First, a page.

French woman’s aliya dream thwarted by mother’s baptism

Nadine Franz shocked to find mother was baptized; she identifies as a Jew.

NADINE FRANZ (photo credit: Courtesy)
(photo credit: Courtesy)
French-born Nadine Franz is appealing for a second time to make aliya to Israel, after being rejected on the grounds that she is affiliated with another religion.
Franz, 53, is currently residing in Arad on a tourist visa which expires on September 4, the date by which the Population and Immigration Authority has asked her to leave the country. She provided documentation to the Interior Ministry proving she is Jewish, including a letter from Dimona Chief Rabbi Yitzhak Elefant and French Rabbi Philippe Assous.
Born to a Jewish mother and an atheist father, Franz says she the only religion she has ever been connected to is Judaism. “We never followed or observed any religious ceremonies or holidays within my immediate family, but we used to observe Jewish festivals and customs with my maternal grandmother. For this reason I never thought of myself as anything but a Jew, especially with my grandmother’s maiden name of Levy,” she explains.
She first applied for aliya through the Jewish Agency in Paris in April and says she has since been given various reasons for the denial of her application. At first she was told verbally it was due to the fact she had been previously married to a non-Jew, then in writing, because she had been baptized and married in a church, and finally she was told in person that it was because her mother had been baptized.
The Population and Immigration Authority told The Jerusalem Post that Franz’s application had been rejected in accordance with the Law of Return, which states that anybody with a Jewish grandparent has the right to make aliya, but excludes those who have voluntarily changed their religion.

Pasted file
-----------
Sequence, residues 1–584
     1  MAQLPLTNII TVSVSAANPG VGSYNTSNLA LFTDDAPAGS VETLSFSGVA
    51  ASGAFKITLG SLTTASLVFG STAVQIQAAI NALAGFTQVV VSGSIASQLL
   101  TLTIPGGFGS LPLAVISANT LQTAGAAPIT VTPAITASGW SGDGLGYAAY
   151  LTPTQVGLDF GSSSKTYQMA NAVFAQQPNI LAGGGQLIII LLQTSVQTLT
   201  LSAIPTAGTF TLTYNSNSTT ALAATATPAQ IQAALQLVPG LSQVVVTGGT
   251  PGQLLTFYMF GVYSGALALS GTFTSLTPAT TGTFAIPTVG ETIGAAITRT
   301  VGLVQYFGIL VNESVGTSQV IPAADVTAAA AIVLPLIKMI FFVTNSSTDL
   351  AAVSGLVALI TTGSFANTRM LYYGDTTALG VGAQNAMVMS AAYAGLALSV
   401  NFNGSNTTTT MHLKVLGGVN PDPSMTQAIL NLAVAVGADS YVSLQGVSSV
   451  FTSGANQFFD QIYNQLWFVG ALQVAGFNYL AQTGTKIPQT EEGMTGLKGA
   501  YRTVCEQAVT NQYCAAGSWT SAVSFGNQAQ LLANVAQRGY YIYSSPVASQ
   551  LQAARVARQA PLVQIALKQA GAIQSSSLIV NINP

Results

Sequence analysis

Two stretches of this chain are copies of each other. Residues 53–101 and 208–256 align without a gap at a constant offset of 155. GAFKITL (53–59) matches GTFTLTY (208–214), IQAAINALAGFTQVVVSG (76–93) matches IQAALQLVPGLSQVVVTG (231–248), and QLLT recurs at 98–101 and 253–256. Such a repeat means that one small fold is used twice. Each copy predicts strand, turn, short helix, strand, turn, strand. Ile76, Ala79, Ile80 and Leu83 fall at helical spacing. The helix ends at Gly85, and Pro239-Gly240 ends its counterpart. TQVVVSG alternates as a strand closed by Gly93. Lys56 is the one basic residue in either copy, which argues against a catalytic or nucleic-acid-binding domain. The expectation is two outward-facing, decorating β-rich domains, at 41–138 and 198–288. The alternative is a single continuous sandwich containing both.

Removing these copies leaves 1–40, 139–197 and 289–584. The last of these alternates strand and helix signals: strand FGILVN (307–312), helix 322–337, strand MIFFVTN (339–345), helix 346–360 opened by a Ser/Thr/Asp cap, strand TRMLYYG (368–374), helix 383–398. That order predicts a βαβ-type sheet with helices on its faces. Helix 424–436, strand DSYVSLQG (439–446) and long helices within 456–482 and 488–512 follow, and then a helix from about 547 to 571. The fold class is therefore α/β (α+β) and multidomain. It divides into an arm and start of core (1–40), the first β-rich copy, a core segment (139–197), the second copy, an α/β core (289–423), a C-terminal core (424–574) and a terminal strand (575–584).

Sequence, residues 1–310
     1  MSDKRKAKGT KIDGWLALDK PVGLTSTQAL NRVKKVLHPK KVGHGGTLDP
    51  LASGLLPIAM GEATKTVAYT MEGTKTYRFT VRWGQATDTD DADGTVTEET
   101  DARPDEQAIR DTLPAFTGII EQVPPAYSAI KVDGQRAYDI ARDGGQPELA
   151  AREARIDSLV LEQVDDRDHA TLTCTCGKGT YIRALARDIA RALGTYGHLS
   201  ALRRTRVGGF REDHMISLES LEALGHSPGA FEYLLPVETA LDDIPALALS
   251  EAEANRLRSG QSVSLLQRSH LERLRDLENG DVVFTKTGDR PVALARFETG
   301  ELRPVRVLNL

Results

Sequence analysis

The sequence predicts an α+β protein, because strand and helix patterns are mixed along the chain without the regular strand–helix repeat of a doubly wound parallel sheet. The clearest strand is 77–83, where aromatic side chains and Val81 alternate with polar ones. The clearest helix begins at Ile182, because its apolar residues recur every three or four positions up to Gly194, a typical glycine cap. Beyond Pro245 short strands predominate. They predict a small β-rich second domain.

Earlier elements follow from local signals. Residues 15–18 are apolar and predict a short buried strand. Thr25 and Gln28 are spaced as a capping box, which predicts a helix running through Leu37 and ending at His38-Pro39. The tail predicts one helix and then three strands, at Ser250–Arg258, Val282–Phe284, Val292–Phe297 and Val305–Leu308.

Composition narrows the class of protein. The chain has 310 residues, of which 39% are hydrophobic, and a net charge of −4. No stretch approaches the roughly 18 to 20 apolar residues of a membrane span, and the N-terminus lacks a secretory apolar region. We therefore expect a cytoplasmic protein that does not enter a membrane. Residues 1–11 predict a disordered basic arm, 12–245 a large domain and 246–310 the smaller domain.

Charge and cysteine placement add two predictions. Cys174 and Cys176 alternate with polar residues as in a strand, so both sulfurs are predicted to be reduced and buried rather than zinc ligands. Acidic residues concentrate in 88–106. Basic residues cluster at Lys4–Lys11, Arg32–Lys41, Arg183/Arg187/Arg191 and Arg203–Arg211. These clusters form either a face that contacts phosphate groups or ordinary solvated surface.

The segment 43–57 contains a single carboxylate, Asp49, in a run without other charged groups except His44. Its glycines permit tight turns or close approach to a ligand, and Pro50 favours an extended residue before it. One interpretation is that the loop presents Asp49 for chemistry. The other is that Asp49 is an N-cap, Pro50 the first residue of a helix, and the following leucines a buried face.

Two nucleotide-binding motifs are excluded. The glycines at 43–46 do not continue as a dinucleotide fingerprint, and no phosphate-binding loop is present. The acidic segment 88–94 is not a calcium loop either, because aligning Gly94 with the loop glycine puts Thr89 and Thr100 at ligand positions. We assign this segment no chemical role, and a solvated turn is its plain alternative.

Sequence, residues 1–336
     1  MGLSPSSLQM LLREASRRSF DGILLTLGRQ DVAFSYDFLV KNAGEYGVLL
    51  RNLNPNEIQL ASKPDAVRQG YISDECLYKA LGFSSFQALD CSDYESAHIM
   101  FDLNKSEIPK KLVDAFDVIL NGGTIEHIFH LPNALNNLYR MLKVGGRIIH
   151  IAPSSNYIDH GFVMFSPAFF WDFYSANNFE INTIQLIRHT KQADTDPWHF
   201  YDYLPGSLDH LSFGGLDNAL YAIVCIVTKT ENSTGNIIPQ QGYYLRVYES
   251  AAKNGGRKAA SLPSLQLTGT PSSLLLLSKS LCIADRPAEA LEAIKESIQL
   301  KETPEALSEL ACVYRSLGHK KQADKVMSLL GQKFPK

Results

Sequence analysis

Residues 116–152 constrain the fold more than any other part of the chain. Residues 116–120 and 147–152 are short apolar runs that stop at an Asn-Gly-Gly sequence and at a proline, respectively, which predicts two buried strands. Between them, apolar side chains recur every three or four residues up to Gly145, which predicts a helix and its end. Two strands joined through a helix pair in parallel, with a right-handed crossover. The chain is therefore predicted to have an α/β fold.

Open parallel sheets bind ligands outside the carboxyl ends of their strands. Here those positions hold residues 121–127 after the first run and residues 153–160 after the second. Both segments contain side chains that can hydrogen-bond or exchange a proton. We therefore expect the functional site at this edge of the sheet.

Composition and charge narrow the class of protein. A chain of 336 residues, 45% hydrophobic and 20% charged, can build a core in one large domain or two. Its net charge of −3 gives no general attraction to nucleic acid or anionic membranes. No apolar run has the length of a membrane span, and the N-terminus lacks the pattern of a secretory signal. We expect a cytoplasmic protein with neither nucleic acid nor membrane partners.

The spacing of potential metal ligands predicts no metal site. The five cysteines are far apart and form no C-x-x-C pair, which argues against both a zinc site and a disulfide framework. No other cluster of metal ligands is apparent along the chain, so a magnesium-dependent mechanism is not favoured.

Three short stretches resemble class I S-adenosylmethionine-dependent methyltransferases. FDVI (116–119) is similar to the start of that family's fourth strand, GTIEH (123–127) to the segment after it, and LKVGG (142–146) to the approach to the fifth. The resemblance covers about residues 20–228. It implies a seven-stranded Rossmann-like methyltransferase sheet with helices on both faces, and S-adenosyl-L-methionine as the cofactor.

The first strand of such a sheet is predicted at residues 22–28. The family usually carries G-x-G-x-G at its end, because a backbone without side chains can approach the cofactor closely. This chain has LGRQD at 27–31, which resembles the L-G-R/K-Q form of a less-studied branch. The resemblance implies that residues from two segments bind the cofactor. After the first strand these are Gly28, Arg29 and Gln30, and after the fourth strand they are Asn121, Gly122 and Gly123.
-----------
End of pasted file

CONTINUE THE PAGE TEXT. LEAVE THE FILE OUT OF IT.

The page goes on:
Franz says she has never been baptized, and was surprised to hear that her mother had, a fact she discovered to be true. Franz has not spoken to her mother for 15 years due to an internal family feud, however, she speculates that her mother’s baptism at the age of 13 in Morocco may have been due to fear of religious persecution.
“1957 was just before the time when my maternal grandparents, who were of French origin, were planning to leave their birthplace of Morocco,” she recalled. I believe because of the political changes that were happening in Morocco at that time, as well as the more relevant issue of Jews being oppressed by the incoming Islamic rule, that the only reason for my mother to have been baptized was to avoid religious persecution as was common to Jews at that time,” she states in her appeal to the ministry.
“Given the period soon after the Nazi murder of Jews and their subsequent insecurity in light of all that had happened then and previously, and was still happening subsequently, with the fear of what was going on in Morocco at the time, can my mother’s ‘conversion’ to Christianity, probably due to fears of her parents, especially at the undeveloped age of 13, to make it easier to flee to France, be considered a genuine conversion, especially since we never practiced any form of Christianity in my family?” her letter states.
Franz says she appreciates and supports Israeli concerns about maintaining the Jewish nature of the state. She says however, that she has always identified as Jewish and believes “gray areas” must be addressed.
Franz’s great grandmother was buried in Israel, and says she wishes to return to the land of her ancestors and to close a circle. “My goal is to register a business in the land making crocheted kippot, sewing Hebrew garments and tallits and therefore contributing to the growth of the Israelite nation in observing the commandments of Torah.”
Sources familiar with the aliya process suggested the ministry may have obtained information linking her with Messianic Judaism, a claim Franz categorically rejects.